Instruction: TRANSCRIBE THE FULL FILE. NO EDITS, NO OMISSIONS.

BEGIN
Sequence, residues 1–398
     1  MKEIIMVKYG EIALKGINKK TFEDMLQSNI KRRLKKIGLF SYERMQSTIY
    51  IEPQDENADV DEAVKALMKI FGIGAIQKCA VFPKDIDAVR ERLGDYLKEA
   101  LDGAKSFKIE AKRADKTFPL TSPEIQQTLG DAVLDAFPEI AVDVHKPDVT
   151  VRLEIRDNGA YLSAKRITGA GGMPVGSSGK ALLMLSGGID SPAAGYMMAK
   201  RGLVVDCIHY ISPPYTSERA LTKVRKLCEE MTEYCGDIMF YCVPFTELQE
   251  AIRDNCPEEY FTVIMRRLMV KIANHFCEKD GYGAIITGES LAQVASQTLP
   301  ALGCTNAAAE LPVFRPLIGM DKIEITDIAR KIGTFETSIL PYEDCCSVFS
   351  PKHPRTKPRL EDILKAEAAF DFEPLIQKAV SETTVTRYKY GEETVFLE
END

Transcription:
Sequence, residues 1–398
     1  MKEIIMVKYG EIALKGINKK TFEDMLQSNI KRRLKKIGLF SYERMQSTIY
    51  IEPQDENADV DEAVKALMKI FGIGAIQKCA VFPKDIDAVR ERLGDYLKEA
   101  LDGAKSFKIE AKRADKTFPL TSPEIQQTLG DAVLDAFPEI AVDVHKPDVT
   151  VRLEIRDNGA YLSAKRITGA GGMPVGSSGK ALLMLSGGID SPAAGYMMAK
   201  RGLVVDCIHY ISPPYTSERA LTKVRKLCEE MTEYCGDIMF YCVPFTELQE
   251  AIRDNCPEEY FTVIMRRLMV KIANHFCEKD GYGAIITGES LAQVASQTLP
   301  ALGCTNAAAE LPVFRPLIGM DKIEITDIAR KIGTFETSIL PYEDCCSVFS
   351  PKHPRTKPRL EDILKAEAAF DFEPLIQKAV SETTVTRYKY GEETVFLE